Angioplasty of the leg arteries

About angioplasty of the leg arteries

Angioplasty is a procedure used to widen narrowed arteries to allow blood to flow through normally. It can be used to treat a condition called peripheral arterial disease, where the arteries carrying blood to your limbs are narrowed (see our common questions for more information).

An angioplasty is done by a radiologist (a doctor who specialises in using imaging methods to diagnose medical conditions).

Diagnosis of peripheral arterial disease

Your doctor will ask you about your symptoms and examine you. You will usually have an ultrasound scan of your legs. An ultrasound scan uses sound waves to produce an image of the inside of your legs. You may also have an angiography, where your radiographer (a health professional trained to perform imaging procedures) will inject a dye (called contrast medium) into your blood vessels to make them visible on X-ray images.

What are the alternatives to angioplasty?

Medicines can be used to treat peripheral arterial disease in some people. You will only be offered an angioplasty if medicines don’t work or aren’t suitable for you.

If an angioplasty hasn’t been successful, you may need to have coronary artery bypass graft surgery.

Preparing for angioplasty of the leg arteries

Your radiologist will explain how to prepare for your angioplasty. If you're having an angioplasty, you will be asked to follow fasting instructions. This means not eating or drinking, typically for about six hours beforehand. However, it’s important to follow your radiologist’s advice.

The procedure is usually done through a large artery in your groin, so you may be asked to shave this area. It’s important that you don’t shave this area unless you are asked to do so.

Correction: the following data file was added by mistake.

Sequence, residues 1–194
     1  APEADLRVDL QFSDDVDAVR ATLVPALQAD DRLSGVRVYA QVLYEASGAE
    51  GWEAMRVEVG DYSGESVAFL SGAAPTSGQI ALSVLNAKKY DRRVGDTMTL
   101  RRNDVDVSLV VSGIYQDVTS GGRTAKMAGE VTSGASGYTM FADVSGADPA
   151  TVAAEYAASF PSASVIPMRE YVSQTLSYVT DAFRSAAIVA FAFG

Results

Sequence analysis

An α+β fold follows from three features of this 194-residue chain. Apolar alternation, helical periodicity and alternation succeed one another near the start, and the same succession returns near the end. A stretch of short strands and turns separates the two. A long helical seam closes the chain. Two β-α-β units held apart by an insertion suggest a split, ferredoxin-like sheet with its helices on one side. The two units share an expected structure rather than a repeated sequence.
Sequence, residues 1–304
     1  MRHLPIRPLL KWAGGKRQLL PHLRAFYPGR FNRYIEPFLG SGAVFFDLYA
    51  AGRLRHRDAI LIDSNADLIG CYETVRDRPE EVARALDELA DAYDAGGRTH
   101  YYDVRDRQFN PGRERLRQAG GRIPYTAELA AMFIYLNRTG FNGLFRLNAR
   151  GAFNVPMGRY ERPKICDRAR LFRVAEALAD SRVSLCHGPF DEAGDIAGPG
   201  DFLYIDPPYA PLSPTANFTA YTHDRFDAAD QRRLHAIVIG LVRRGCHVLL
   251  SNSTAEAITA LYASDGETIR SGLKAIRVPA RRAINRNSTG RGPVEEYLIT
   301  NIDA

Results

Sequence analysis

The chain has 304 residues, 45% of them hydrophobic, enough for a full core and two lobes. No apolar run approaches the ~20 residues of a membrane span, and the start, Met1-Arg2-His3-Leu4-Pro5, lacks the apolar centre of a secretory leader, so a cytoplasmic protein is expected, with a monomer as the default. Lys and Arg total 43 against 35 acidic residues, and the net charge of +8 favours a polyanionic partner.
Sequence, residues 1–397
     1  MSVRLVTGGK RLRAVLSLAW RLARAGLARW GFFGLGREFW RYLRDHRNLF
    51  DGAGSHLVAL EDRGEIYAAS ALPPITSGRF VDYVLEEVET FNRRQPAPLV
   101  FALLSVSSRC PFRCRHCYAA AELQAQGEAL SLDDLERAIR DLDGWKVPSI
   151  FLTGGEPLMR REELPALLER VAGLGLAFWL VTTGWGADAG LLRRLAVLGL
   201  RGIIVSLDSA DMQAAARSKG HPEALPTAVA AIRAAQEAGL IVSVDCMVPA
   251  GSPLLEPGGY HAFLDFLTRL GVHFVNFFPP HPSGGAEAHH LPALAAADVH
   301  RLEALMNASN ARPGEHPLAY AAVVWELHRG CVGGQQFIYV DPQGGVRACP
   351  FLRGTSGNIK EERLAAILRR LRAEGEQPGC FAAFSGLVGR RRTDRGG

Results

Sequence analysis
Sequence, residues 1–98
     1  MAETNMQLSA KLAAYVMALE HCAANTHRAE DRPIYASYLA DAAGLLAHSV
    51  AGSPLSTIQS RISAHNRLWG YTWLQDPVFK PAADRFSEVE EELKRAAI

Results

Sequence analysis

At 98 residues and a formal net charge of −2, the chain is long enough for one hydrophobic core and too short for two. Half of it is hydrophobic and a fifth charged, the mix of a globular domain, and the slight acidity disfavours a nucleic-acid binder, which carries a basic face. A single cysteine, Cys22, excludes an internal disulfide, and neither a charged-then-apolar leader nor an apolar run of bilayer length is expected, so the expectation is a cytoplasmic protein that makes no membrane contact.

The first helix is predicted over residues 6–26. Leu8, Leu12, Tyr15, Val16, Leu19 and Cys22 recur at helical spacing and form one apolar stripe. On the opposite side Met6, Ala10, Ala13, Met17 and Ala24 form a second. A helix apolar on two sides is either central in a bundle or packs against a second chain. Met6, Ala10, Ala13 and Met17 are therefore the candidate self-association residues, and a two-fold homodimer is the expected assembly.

It's possible to have an allergic reaction to contrast medium (the dye used during the procedure). Tell your radiologist if you know you’re allergic to contrast medium. Medicines are available to treat any allergic reaction.

Your radiologist will discuss with you what will happen before, during and after your procedure, and any pain you might have. This is your opportunity to understand what will happen, and you can help yourself by preparing questions to ask about the risks, benefits and any alternatives to the procedure. This will help you to be informed, so you can give your consent for the procedure to go ahead, which you may be asked to do by signing a consent form.

About the procedure

Angioplasty usually takes between 30 and 45 minutes. It's typically done in the X-ray department of a hospital.

You will lie flat on your back on an X-ray table. Your radiologist may put a needle put into a vein in your arm to give you a sedative or painkillers if you need them.

You will have a local anaesthetic injection into the skin over the artery in your groin. This will completely block feeling from the area and you will stay awake during the procedure.

Your radiologist will insert a needle into the large artery in your groin. He or she will put a guide wire through the needle. Your radiologist will then remove the needle and place a thin tube called a catheter over the wire into your artery. He or she will inject contrast medium through the catheter. You may have a warm feeling when the contrast medium is injected. Your radiologist will then pass a catheter with a balloon on the tip through the blocked or narrowed part of your artery. Once it’s in place, he or she will inflate the balloon. It may be inflated more than once to make sure your artery is wide enough.

Sometimes, your radiologist will put a collapsed wire mesh tube (called a stent) over the balloon at the end of the catheter, and insert it into your artery with the catheter. When the balloon is inflated it opens the stent up. When your radiologist removes the catheter the stent stays in place to keep your artery open.

After the procedure, your radiologist will remove the balloon and catheter.

Your radiologist may put a plug over the hole in your artery, or will press on the area where the catheter was inserted to stop it bleeding.

The procedure shouldn't be painful but may feel slightly uncomfortable. If you do feel pain, tell your radiologist or a nurse who may be able to give you some painkillers.

What to expect afterwards

You will need to lie flat on the bed for the first hour and stay in bed for several hours to recover.

Nurses will check your blood pressure and pulse. They will check your skin where the catheter was inserted to make sure there isn't any more bleeding.

You will probably be able to go home the same day as the procedure. Sometimes you may need to stay in hospital overnight.